France Passes G20 Baton after Messy Cannes Summit

France's year-long G20 term stumbled to a messy end at the Cannes summit, where President Nicolas Sarkozy's dreams of reforming world finance were torpedoed by the eurozone debt crisis.

The leaders of the world's most powerful economies cobbled together a list of promised measures to boost growth and reinforce the IMF, but the statement was short on detail and all eyes were fixed on Rome and Athens.

There, Italy's Prime Minister Silvio Berlusconi was forced to accept IMF oversight of his budget-cutting program, and Greece's George Papandreou scraped through a confidence vote after swallowing EU bailout terms.

The summit, which took place on Thursday and Friday on Cannes' rain-swept seafront, marked the end of France's turn as head of the G20 bloc of major economies, and the start of Mexico's stint.

It was also, in symbolic turns, an embarrassment for Europe, with its leaders begging cap in hand for cash from China and other major emerging economies to fund elaborate bailout plans for the Mediterranean fringe.

Instead, the younger powers agreed to boost the size of the International Monetary Fund's war chest, raising the prospect that the Old Continent will find its budgets under scrutiny by officials from its former colonies.

And the final statement put no final size on even this promise of aid, kicking the decisions down the road to a future finance ministers' meeting.

Financial markets were unimpressed by Sarkozy's G20 swansong, closing down sharply Friday, and the Cannes debate did nothing to strengthen Italy, which saw its borrowing costs soar to a new and barely sustainable level.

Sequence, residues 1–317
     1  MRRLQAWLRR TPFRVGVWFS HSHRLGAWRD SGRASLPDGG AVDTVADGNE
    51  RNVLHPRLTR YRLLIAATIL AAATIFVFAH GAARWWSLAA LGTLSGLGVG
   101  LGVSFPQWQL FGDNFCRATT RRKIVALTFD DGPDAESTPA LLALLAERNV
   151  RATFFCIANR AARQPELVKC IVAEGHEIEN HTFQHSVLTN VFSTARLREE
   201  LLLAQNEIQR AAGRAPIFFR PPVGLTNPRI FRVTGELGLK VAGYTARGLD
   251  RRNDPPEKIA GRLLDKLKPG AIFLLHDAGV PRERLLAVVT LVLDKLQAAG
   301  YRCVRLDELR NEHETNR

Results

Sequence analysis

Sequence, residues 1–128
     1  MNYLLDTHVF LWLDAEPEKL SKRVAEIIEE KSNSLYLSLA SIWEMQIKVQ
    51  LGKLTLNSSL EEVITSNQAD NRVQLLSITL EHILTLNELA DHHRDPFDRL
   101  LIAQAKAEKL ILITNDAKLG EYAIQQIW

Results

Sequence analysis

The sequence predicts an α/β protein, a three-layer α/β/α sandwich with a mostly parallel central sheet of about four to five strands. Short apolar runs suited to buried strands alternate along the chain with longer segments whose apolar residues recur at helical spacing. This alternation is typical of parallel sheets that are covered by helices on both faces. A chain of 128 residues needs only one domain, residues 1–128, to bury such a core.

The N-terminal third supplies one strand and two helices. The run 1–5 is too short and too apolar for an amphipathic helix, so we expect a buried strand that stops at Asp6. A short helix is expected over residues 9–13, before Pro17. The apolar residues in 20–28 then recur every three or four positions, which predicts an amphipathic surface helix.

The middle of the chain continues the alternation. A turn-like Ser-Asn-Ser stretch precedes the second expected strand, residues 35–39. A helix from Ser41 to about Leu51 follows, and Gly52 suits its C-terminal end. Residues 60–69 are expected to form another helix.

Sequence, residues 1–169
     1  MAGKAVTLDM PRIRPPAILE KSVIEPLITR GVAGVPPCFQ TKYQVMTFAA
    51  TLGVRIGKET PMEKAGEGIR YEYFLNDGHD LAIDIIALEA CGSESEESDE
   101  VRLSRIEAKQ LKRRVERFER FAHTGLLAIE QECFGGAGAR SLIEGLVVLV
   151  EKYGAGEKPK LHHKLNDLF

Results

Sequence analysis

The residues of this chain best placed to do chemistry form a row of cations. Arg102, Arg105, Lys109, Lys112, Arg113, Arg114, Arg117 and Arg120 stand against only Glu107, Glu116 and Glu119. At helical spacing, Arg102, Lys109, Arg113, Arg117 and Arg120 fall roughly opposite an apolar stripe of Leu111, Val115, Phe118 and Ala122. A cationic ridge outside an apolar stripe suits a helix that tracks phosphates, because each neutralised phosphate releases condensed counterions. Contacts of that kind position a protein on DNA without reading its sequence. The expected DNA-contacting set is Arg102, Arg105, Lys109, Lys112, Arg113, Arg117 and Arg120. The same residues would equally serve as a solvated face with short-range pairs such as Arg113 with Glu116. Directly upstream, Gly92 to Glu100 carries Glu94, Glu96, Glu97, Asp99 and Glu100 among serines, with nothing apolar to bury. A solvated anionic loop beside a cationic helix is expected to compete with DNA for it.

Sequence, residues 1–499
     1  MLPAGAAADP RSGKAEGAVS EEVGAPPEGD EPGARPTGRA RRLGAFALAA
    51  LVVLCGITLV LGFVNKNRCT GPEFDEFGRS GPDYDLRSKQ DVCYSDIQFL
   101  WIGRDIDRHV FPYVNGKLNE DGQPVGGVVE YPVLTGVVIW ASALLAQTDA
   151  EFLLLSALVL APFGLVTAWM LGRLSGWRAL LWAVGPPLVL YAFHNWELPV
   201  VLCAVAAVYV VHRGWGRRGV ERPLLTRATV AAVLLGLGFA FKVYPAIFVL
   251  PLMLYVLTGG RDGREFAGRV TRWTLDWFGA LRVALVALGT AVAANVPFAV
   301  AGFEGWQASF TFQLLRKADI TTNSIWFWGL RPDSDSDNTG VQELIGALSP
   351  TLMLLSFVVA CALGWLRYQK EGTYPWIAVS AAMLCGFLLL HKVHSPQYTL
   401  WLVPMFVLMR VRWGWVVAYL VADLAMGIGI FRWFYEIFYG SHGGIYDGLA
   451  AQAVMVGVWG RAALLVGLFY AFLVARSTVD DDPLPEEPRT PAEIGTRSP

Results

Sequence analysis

"Put simply, the world faces challenges that put our economic recovery at risk," U.S. President Barack Obama said, reflecting concerns that Europe has failed to get to grips with its sovereign debt debacle.

Italian Prime Minister Silvio Berlusconi admitted that Italy had asked for the IMF to monitor his economic reforms, hoping to convince bond traders that his government is a safer bet than troubled neighbor Greece.

"The main problem we have, which has been clearly identified as much by the Italian authorities as by their partners, is a lack of credibility in the measures that have been announced," IMF chief Christine Lagarde warned.

In Athens, Prime Minister George Papandreou, who had been summoned to Cannes for a humiliating dressing down by Sarkozy and Germany's Chancellor Angela Merkel, narrowly won a vote of confidence.

Shortly before lawmakers began voting, Papandreou had announced he would see Greek President Carolos Papoulias later on Saturday to hand in his mandate and start talks on the formation of an emergency unity government.

Whatever the result, his eurozone partners had made it clear that either he or his successor would have to push through a bailout deal tied to tight fiscal controls decided last week in Brussels.

EU leaders warned that Greece would not get the next planned eight billion euro ($11 billion) aid installment from the IMF and EU unless the deal went through, and threatened to boot Athens out of the Union if it defaults.

Without these EU-IMF funds, Greece would run out of money within weeks.

The G20 leaders also pledged to ensure that the IMF has sufficient cash on hand to respond to the possible crisis and tasked finance ministers to come up with options for a eurozone "trust fund".

But they failed to pledge any precise sums, and observers said this marked a failure.

"It is fair to say the G20 summit with accompanying theatrics from Greece and Italy and the failure of the IMF and China to come to Europe's rescue has worsened the euro crisis," said Sony Kapoor of think-tank Re-Define.

The next G20 summit will be in Mexico in June 2012.

Source: Agence France Presse

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